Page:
July 1999

Lisa Gerrard & Pieter Bourke - Duality
Warner Brothers 46854
Released: 1998

by Srajan Ebaen

Musical Performance ****
Recording Quality ***1/2
Overall Enjoyment ****1/2

[Reviewed on CD]There was a time not so long ago when the world’s geographical map still displayed many a white spot -- areas that had resisted exploration for reasons of inaccessibility or threats such as incurable diseases and cannibalism. The map of the global musical terrain likewise had many a glaring gap that began to fill when due to political upheavals, hermetically sealed cultures opened up and high-powered radio stations were reaching far beyond their ground bases to aim deep into very foreign territories.

The allure and mystery of the unknown has since been replaced with a growing familiarity of the diverse musical dialects of the globe. This has enriched our vernacular tremendously and created a whole new genre called world music. At the same time, what used to be straight lines delineating cultures from each other has become mutually interlocking, and in many cases the differences that made up distinction and individuality have eroded. Therein lies a danger of wholesale appropriation and homogenization, visibly echoed in the repetitious blandness of international cities sporting hotels, restaurants and shops of the very same chains. The sharp edges of uniqueness wear down to reduce individuality to the common likeness of rounded pebbles on any beach.

It is not surprising that many artists aware and suspicious of this trend feel the urge to resist the tide and stake out a protected area of their own. And in the case of Lisa Gerrard, well known as the lead singer for Dead Can Dance, this has meant the creation of a very personal tribal language whose delivery and rhythmic drum accompaniment evoke images of an older culture, one which never existed but inside her own vision. On Duality, her second solo outing, she ventures once again into the wilderness of her fictitious outback, using her voice to recall, from deep within our collective psyche, memories of a more primitive era when initiation rituals introduced us to the natural mysteries of totem animals, lucid dreaming, group trances and communion with the gods of the nature kingdoms. It is only fitting that the map which should be the liner notes provides no clues whatsoever as to where we find ourselves. The only markers given are the identities of the two artists and the ten track titles. That’s it.

With "Shadow Magnet," our sojourn fittingly begins with a low drone over which something resembling a Turkish bass ney flute enters in a descending modal line that is echoed in the higher register by Gerrard’s commanding voice and under which synthesized strings swiftly set up a desert mood invigorated by hand drums and finger cymbals. This merely compounds the illusion of being transported right into the heart of an Arabian trek through dusty, sun-poisoned vistas. "Tempest," the next track (trek?), develops over a very insistent drum beat and voice-dubbed African-style chorus fragments. An occasional oud or bouzouq motif maintains the mood of a Middle Eastern arid desert scape. Then the vision shifts to something greener as birds are chirping and strong interweaving voices float above vocal harmonies with a faintly Gaelic air. We might then be entering an ancient Scottish monastery, where two solitary voices are engaged in plain song that shifts forward in time as symphonic chorals fill in and the solo voice assumes a strong Byzantine flavor.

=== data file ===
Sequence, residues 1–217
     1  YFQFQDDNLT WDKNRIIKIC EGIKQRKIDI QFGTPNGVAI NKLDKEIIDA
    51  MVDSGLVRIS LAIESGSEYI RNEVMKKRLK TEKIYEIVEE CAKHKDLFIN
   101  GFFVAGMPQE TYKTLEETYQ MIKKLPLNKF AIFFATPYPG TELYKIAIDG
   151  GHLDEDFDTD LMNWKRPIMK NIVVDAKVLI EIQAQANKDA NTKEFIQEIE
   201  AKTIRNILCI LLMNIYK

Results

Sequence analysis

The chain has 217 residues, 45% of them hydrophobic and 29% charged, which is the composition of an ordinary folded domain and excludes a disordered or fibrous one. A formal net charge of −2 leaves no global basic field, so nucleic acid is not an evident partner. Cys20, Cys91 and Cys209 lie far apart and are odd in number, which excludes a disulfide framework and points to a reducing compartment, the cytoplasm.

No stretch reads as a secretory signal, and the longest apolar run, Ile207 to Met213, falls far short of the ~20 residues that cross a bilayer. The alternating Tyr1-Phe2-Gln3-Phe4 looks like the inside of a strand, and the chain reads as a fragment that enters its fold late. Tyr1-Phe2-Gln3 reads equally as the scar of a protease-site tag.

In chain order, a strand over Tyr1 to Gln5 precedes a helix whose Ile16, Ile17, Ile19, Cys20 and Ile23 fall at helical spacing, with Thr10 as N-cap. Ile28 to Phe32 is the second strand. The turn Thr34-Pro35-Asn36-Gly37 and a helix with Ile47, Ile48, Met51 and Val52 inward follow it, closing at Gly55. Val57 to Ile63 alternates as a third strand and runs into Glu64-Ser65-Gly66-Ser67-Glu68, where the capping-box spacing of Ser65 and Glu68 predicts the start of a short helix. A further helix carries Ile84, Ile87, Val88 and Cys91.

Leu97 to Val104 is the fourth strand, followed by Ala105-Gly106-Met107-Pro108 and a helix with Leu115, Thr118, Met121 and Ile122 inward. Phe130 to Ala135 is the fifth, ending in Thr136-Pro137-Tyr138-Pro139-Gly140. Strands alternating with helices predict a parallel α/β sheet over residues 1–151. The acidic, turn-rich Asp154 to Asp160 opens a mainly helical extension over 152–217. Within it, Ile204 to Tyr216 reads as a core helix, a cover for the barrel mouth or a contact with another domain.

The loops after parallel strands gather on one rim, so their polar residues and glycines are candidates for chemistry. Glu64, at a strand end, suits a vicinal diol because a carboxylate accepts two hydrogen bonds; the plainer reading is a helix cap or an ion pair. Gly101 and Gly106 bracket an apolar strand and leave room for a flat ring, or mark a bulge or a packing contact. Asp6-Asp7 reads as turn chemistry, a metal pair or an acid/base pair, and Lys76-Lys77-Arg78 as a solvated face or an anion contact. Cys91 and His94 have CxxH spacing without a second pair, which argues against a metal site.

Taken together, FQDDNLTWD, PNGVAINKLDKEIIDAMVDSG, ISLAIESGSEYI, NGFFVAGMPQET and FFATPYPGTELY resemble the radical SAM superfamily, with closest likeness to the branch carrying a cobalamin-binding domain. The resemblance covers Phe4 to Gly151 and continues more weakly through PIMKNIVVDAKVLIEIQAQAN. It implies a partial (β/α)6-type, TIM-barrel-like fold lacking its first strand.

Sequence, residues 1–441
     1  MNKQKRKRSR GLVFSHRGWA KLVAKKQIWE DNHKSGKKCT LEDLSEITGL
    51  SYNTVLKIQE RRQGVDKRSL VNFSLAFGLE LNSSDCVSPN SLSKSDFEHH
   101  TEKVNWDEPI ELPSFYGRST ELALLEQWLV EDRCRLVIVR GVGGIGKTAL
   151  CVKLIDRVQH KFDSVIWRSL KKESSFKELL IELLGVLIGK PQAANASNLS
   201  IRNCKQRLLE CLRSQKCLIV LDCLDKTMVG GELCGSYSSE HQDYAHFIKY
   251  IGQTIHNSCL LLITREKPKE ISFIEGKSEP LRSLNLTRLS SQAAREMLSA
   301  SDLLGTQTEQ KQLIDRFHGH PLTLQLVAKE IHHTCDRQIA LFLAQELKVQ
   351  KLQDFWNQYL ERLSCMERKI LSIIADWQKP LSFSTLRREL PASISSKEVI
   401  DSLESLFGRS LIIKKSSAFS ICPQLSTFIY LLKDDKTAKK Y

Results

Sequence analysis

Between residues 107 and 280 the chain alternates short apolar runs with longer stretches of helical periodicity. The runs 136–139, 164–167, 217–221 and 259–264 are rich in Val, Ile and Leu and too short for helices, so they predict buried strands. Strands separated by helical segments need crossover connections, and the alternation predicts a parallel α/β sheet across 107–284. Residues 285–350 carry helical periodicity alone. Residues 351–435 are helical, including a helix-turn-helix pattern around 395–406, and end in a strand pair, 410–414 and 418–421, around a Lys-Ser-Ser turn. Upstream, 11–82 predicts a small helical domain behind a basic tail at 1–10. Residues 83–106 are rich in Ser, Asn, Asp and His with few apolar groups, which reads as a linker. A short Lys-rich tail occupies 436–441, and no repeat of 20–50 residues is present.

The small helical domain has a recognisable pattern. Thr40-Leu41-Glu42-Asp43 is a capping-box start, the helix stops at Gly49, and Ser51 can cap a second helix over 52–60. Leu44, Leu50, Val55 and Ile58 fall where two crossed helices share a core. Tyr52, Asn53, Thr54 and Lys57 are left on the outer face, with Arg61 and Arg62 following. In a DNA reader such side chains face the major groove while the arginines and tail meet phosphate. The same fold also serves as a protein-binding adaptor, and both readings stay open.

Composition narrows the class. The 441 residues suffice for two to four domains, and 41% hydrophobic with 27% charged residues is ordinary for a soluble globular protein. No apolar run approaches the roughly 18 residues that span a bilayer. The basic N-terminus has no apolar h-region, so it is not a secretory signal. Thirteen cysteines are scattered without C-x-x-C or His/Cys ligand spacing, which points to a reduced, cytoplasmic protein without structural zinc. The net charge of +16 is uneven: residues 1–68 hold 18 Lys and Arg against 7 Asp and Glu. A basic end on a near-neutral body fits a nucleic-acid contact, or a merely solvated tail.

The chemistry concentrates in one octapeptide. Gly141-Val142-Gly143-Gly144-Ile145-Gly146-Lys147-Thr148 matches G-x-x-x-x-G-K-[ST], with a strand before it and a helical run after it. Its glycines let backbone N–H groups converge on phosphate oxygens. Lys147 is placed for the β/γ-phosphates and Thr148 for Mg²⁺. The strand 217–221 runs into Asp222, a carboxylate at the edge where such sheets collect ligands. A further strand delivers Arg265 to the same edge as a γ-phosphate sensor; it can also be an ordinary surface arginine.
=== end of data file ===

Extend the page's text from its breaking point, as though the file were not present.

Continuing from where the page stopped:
And so it continues, shifting panoramas of phantom places dreamed up by the artists who, like shamans, become the link to the secret dimensions they inhabit. Any descriptions must fall well short as they’d have to use measures of the known to plumb that which is imaginary. But with the precedents of the best in the Dead Can Dance canon, most listeners will undoubtedly have a keen sense for the entrancing spell that Gerrard’s unique voice can so compellingly weave. Duality is an imposing monolith of Gerrard’s private Stonehenge where her modern rendition of an old tribal syntax restores us to a mystery lost.

When modern man invented the light bulb, he cast himself out from the realm of the unknowable, believing that wherever he might shine his new-found light, answers and discoveries would emerge to explain that which puzzled him. Rather than providing answers, Duality invites us to a trek into the wilderness where we just might reconnect with the savant that lives within and who delights in the paradox of mere-being and not-knowing. Highly recommended.